Construction: Solid. Thick cardboard wrapped in that stuff the core books are covered with. Will easily survive until 6th Edition.
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Format: Hardcover Verified Purchase
I'm a fairly recent D&D player, only having begun the hobby in 4th Edition. Now that 5 is out, my gaming group has fallen in love with it. I've been eagerly awaiting the DM screen and having fewer reference notes and books cluttering the area. This DM screen...simply does not suffice. I'll use it, but the information is rather basic and far too much space is taken up by art and whitespace.

Don't get me wrong, I love some good art. I just don't want it on the DM side of the DM screen. When I'm running a game, I need data. The screen consists of 4 panels. Each panel is about the size of a 8.5x11 piece of paper (landscape orientation). If all the art was grouped together, I'd estimate that about 2/3 of a panel is taken up. Then there are the margins. They're huge! There's so much space that could have been used to hold more information. For instance, I would have loved to have baseline monster stats handy for those times that I need to improvise an enemy. Some prices for a night at an inn and such? I could have used that too. Such things could have fit if they weren't concerned about the DM side of the screen looking pretty.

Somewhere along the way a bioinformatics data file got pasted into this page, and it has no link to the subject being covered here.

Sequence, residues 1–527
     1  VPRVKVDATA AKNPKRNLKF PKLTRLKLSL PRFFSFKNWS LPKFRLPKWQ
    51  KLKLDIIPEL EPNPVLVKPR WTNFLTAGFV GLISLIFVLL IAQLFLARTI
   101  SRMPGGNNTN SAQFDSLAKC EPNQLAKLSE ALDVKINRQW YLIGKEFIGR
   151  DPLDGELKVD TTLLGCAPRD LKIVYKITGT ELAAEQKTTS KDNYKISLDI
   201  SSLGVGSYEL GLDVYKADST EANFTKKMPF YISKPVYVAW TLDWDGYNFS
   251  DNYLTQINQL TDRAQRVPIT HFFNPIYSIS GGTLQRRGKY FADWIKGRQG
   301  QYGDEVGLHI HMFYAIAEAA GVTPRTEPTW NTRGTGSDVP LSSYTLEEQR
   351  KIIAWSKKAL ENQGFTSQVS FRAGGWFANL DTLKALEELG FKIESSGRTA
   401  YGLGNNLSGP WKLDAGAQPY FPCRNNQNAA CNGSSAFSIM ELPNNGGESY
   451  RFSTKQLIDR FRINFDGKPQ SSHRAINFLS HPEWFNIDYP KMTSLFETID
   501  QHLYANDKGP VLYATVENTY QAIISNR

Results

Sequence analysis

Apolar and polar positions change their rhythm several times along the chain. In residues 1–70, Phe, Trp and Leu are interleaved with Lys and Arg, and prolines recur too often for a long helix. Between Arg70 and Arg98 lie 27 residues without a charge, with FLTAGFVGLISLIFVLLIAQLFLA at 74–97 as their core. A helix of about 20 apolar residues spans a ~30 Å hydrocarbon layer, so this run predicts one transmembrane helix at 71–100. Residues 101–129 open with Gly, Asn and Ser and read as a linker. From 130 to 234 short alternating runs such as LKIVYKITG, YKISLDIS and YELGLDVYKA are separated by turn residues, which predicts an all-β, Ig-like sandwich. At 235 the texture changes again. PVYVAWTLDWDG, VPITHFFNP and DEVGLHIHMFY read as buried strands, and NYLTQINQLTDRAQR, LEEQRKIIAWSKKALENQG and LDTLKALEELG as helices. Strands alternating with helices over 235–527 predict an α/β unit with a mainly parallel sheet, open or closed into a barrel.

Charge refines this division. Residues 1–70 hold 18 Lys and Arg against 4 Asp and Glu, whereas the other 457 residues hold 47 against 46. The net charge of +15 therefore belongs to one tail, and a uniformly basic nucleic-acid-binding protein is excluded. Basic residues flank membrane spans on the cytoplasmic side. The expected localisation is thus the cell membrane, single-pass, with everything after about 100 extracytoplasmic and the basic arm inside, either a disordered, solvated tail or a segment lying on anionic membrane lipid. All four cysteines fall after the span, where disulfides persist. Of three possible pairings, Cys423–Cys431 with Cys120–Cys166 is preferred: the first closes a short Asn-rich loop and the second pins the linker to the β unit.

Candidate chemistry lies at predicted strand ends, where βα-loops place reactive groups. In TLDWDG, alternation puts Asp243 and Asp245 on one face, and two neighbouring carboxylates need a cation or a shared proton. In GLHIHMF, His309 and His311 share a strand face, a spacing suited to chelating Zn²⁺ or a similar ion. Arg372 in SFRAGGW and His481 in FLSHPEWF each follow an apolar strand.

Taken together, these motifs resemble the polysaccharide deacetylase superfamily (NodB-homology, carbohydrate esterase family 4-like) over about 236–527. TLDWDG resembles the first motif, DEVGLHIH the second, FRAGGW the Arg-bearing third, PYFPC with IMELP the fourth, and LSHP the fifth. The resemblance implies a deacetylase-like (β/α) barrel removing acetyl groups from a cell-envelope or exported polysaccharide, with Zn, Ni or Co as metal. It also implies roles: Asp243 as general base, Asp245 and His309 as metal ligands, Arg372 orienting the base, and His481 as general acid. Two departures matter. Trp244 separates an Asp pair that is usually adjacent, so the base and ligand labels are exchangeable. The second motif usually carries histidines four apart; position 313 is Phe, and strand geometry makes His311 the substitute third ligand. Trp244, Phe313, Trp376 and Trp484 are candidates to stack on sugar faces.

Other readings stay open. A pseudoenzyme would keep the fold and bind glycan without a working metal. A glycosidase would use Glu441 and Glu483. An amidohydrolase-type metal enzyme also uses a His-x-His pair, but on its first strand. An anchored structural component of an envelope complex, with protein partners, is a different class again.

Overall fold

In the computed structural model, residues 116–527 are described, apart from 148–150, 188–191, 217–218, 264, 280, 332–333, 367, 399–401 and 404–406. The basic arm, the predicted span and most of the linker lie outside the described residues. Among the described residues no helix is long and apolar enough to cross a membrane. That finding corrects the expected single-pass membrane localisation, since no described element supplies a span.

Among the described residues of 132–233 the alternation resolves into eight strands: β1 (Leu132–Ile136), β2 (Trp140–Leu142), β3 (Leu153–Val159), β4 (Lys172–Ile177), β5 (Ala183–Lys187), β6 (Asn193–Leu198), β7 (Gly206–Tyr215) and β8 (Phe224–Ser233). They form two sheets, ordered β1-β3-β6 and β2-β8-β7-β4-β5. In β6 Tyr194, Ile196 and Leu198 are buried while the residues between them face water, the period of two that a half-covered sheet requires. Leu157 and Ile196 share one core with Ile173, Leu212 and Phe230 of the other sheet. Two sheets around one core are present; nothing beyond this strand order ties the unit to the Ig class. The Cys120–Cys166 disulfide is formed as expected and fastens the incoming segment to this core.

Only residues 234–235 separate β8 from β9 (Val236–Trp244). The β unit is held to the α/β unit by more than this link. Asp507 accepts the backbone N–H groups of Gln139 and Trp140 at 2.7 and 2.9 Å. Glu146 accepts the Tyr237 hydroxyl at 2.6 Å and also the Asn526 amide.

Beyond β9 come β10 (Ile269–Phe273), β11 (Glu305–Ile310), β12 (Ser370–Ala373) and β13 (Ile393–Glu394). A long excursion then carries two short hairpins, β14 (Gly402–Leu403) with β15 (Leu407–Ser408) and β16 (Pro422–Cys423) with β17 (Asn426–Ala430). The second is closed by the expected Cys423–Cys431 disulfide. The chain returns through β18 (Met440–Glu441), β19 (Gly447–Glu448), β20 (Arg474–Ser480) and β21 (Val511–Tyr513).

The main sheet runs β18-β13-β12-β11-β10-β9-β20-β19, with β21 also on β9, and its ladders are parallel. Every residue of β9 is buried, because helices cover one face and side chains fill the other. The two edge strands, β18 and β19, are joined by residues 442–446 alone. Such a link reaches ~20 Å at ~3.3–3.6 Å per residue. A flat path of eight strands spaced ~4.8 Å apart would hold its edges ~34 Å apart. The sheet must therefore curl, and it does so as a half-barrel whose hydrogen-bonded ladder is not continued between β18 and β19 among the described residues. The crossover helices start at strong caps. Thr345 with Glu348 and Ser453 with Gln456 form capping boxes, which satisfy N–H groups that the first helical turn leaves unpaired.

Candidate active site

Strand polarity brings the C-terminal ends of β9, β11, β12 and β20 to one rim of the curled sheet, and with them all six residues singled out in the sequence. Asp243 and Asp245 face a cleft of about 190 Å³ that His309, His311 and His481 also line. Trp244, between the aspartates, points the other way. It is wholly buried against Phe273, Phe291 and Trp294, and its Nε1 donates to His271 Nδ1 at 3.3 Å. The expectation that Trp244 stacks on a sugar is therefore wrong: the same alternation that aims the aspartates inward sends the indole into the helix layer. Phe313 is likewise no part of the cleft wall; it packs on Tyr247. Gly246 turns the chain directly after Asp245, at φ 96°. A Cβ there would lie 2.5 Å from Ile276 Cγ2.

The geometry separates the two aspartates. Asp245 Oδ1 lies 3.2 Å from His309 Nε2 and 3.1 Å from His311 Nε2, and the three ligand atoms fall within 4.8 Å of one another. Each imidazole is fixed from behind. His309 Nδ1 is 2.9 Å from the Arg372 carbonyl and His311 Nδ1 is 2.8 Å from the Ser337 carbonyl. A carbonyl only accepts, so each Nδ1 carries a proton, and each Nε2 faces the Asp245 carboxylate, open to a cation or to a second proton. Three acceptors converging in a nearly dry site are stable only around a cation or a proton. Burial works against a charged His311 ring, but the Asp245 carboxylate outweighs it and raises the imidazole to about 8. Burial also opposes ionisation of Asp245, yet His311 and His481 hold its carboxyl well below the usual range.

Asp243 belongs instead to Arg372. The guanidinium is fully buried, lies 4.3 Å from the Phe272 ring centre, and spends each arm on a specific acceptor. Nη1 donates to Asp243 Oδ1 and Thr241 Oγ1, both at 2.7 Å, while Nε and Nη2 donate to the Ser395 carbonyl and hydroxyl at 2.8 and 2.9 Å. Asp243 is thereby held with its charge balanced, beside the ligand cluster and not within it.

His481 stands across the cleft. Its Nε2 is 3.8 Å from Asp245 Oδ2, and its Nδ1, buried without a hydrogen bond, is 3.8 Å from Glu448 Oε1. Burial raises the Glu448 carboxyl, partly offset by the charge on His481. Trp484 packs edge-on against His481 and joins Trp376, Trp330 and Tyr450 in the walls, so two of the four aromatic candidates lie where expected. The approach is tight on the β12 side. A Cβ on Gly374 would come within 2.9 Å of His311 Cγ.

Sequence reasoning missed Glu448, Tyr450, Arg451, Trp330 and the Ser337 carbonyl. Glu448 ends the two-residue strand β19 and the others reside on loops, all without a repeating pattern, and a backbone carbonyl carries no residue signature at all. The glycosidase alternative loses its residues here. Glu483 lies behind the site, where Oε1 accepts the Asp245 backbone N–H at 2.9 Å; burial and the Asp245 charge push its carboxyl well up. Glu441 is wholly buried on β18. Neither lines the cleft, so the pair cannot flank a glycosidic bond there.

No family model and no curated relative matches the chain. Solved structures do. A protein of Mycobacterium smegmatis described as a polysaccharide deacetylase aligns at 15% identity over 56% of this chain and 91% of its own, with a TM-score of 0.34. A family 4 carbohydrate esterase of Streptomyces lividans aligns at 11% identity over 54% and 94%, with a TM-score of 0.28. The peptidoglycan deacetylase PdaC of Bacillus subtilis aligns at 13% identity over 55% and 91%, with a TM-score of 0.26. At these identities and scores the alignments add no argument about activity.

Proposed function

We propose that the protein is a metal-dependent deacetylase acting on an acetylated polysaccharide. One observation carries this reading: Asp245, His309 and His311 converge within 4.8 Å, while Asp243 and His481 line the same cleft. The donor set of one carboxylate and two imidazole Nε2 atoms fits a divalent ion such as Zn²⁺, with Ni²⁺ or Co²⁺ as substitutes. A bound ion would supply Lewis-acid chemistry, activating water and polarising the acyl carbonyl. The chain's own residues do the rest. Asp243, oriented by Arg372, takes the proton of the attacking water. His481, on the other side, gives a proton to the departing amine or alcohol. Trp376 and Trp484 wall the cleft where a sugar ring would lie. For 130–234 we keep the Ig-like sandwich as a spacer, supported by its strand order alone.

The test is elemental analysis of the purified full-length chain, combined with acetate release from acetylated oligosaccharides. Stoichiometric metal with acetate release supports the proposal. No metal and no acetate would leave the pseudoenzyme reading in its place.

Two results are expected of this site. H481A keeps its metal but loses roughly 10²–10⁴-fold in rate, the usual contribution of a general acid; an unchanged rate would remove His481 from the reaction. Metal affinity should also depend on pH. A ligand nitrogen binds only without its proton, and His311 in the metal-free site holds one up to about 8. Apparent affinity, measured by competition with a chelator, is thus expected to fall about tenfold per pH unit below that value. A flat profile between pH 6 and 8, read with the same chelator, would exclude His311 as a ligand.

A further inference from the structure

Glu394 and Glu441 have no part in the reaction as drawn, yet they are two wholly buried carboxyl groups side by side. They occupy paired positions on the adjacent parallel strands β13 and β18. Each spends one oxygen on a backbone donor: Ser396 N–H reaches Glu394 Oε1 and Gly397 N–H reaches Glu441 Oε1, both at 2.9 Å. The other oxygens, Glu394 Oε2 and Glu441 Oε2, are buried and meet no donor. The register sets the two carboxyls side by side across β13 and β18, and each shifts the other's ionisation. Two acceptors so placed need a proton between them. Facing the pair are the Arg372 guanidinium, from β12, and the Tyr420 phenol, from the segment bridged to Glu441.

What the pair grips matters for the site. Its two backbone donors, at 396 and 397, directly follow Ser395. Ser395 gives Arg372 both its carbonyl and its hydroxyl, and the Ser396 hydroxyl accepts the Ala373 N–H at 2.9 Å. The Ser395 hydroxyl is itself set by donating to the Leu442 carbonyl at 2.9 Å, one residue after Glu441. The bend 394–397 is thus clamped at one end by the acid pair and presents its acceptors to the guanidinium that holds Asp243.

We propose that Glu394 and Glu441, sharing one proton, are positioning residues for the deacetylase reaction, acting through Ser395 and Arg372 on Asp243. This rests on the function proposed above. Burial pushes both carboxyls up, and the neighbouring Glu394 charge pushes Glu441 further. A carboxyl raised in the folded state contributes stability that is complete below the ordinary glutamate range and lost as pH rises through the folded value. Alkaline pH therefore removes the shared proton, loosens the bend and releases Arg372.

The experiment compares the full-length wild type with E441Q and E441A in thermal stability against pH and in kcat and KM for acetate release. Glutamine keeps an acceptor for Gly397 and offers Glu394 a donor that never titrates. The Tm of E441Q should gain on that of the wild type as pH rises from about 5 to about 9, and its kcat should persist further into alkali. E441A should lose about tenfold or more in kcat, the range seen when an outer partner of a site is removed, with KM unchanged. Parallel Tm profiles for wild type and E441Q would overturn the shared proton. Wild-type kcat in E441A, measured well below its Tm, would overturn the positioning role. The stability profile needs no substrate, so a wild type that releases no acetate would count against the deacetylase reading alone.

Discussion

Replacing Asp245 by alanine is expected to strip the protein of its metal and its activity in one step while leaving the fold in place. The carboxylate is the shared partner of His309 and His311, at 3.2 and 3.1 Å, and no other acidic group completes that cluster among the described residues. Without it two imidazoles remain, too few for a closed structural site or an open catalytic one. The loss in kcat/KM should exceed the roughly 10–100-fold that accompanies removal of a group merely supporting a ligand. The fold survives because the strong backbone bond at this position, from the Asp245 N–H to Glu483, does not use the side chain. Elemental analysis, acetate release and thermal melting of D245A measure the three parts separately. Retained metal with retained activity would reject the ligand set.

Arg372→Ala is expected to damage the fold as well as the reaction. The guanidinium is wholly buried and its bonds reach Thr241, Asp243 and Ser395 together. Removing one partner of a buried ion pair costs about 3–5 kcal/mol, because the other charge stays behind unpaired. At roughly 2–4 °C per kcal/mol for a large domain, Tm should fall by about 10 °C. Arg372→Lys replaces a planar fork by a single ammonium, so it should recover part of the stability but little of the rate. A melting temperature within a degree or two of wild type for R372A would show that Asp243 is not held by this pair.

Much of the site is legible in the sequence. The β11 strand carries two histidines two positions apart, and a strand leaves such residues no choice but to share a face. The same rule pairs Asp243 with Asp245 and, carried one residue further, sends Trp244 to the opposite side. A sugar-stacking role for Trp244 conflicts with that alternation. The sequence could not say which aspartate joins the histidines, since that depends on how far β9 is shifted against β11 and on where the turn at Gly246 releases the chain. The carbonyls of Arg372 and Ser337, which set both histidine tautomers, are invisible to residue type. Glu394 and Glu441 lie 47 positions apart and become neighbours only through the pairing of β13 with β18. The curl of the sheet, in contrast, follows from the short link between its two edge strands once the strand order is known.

Now with all of that said, the DM screen isn't AWFUL. It does contain some useful information. Here's what you're getting:

- Panel 1: NPC Generation. Tables you can use to roll quick personalities, ideals, flaws, names, etc.
- Panel 2: Conditions (Part 1). If you happen to forget how invisibility works or the penalties for blindness, this is where you look.